Alison Krauss & Union Station/Friday, July 8

There are not enough superlatives in the English language to describe how good Alison Krauss & Union Station are at performing bluegrass. Krauss is simply the most gifted vocalist—of any genre—in the world, and she's long surrounded herself with the finest collection of pickers money can buy (even before she had the money to buy them). While Union Station could presumably be susceptible to cries of "Too polished!" from those who like their bluegrass dipped in moonshine and molasses, the only way to beat them in a bluegrass competition would be to create the bluegrass equivalent of IBM's Deep Blue, the chess computer which famously defeated the Russian genius Garry Kasparov in 1997. Except in the bluegrass computer's case, it would be called Deep Bluegrass, and Krauss and Union Station would prevail. With Jerry Douglas. Marymoor Park, 6046 W. Lake Sammamish Pkwy. N.E., Redmond. 7 p.m. $45–$65. All ages. MIKE SEELY

Summer Babes/Friday, July 8

If it's an audacious move to name your band after indie royalty Pavement's first great pop song ("Summer Babe"), it's perhaps an equally dicey proposition to go around invoking summertime in a city not exactly known for an excess of the season. Seattle band Summer Babes do both, brazenly, and if they don't manage to resurrect a young Stephen Malkmus or usher in 90-degree days early, they at least dole out sweet, easygoing garage-pop songs. Jeff Albertson of the Lights leads the band on guitar and vocals, singing in a high, keening voice which sometimes seems almost to crack but which always just makes it back around the bend to the melody; he's backed by a second guitar, bass, drums, and keys (the latter played by an actual babe). This will be the band's second summer, but they still come off as a young, scrappy act. With the Pytons, Eastern Grip. Blue Moon Tavern, 712 N.E. 45th St., 675-9116. 10 p.m. $5. ERIC GRANDY

The Whisperlights/Friday, July 8

Although their name hints at gentle, still evenings, there's nothing particularly quiet about the Whisperlights. The Tempe, Ariz., collective are a bit more of a hyperactive, noisy breed. While retaining their native state's sunny outlook on life, the Whisperlights deliver colorful, layered walls of lush melody that are simultaneously comforting and chaotic. An eclectic collective spirit is alive and well in this bold, brash group unafraid of genre-hopping, dipping their toes in various musical pools along the way: Destroyer's breezy, jittery delivery, The Sea and Cake's jangly melodicism, Broken Social Scene's borderline-destructive wall of syncopated, textured harmony. The Whisperlights manage to piece these together into a lovingly sloppy and sweet rush of spirited noises. With Fascination Movement, Concours d'Elegance, Underground Cities. Columbia City Theater, 4918 Rainier Ave. S., 722-3009. 9 p.m. $9. GREGORY FRANKLIN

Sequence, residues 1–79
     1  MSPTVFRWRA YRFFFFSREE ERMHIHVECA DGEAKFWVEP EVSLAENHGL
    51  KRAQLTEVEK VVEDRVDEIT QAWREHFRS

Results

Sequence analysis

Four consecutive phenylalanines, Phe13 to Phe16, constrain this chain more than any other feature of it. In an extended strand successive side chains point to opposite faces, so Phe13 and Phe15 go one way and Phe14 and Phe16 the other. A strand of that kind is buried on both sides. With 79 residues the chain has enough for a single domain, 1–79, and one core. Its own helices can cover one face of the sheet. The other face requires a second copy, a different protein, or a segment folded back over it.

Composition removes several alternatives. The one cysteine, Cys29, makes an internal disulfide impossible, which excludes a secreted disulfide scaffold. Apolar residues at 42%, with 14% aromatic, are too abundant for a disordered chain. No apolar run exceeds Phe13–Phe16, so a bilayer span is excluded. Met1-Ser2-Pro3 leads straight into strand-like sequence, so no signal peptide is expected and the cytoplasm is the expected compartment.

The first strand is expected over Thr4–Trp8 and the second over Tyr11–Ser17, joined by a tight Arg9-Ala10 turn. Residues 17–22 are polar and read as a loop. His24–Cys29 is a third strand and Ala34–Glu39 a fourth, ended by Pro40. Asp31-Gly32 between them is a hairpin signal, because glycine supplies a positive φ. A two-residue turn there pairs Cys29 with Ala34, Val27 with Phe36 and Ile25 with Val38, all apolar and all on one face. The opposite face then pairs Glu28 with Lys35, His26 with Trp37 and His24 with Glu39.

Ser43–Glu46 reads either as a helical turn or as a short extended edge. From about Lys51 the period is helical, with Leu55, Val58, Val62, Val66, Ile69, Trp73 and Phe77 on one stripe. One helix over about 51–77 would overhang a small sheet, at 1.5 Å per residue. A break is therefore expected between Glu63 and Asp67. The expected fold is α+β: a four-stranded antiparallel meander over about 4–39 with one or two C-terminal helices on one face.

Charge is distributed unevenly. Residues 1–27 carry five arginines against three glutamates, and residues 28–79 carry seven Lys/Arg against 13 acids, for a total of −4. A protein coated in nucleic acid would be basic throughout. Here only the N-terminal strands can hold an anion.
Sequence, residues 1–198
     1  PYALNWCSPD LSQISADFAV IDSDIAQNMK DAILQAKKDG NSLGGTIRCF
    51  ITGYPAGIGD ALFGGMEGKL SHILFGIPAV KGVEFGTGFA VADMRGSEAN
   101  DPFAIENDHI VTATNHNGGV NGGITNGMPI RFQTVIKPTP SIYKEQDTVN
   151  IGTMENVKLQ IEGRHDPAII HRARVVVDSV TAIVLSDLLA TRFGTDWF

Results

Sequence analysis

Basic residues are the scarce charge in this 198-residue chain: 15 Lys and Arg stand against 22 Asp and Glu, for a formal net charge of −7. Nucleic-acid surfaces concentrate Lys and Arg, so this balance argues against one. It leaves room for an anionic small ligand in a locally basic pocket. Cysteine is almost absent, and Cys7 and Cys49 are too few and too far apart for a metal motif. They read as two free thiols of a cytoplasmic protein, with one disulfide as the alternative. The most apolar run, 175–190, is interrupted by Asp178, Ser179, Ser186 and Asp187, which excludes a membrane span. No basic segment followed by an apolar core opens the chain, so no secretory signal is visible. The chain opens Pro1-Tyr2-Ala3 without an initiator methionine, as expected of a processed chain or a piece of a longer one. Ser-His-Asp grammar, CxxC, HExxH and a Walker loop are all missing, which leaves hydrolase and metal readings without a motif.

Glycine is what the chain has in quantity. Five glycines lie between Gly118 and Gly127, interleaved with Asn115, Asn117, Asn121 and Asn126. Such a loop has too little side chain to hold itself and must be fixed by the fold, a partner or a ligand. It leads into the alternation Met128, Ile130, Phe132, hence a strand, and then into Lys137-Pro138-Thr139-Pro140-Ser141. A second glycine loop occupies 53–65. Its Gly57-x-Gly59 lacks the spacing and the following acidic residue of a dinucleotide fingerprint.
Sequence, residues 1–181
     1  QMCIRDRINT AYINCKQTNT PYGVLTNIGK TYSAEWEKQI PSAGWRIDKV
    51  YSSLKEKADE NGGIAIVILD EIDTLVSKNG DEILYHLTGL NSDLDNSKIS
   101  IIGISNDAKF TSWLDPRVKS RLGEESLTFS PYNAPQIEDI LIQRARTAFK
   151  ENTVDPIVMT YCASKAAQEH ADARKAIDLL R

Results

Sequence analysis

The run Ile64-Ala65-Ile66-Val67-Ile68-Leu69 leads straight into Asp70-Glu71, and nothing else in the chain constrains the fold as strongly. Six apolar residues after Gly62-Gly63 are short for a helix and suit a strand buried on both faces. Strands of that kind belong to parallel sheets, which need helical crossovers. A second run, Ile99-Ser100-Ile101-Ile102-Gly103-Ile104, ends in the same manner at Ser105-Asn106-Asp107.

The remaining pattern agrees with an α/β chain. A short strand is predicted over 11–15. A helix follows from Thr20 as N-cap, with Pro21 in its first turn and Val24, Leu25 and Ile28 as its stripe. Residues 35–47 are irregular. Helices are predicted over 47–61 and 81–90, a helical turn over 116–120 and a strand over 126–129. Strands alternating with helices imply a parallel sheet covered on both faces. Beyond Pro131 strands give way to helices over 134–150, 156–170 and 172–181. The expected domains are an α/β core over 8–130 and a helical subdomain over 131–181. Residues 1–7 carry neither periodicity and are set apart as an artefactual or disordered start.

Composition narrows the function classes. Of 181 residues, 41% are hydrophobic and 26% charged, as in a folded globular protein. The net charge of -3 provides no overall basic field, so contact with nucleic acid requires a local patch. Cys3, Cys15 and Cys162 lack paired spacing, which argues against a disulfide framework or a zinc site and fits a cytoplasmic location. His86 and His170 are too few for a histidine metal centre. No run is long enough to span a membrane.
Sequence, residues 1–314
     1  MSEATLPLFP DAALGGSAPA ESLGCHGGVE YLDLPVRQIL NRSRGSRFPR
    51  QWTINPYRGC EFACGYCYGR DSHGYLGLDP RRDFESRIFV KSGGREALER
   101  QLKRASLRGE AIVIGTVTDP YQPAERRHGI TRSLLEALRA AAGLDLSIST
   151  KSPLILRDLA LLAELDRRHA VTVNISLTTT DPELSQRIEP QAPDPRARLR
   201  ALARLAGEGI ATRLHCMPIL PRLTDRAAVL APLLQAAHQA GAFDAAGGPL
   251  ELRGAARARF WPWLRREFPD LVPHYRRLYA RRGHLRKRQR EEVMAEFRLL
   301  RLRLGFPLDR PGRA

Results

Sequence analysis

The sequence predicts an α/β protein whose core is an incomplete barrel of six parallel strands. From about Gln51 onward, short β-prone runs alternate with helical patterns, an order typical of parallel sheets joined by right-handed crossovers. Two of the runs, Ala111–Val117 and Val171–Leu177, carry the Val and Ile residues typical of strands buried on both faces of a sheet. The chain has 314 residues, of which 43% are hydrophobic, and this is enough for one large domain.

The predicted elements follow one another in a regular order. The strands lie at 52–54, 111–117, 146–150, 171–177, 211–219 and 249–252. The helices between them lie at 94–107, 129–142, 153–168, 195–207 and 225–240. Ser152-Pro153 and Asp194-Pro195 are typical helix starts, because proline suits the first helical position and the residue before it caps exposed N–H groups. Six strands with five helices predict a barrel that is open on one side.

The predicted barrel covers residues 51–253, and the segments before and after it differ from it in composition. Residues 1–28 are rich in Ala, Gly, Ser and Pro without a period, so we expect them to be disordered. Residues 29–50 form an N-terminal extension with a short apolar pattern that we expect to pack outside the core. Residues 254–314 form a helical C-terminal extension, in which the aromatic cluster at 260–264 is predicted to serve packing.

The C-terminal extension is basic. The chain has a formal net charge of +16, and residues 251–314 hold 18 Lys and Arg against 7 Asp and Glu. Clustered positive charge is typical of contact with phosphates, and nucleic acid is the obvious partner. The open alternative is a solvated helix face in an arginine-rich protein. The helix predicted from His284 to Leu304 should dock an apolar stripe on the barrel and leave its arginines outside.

Obadiah Parker/Saturday, July 9

Matt Weddle owes his breakout success as a onetime hip-hop cover artist to an accident. The Arizona native was performing at an open-mike night in Tempe, Ariz., when a friend uploaded his performance of Outkast's "Hey Ya" to YouTube. The video has now been viewed more than 7.6 million times. Weddle hopes to make a name for himself as a legitimate musician, however, and this April his band, Obadiah Parker, released The Siren and the Saint. The 12 songs feature the same warm, whisper-like voice that made his version of "Hey Ya" so memorable, plus a soulful, funky, acoustic setup akin to Jack Johnson's or John Mayer's. Each one is sincere and passionate and revolves around the addiction and turmoil of his relationships with two women. With Lights From Space, Blvd Park. Cafe Venus/Mars Bar, 609 Eastlake Ave. E., 624-4516. 9 p.m. $6. JOE WILLIAMS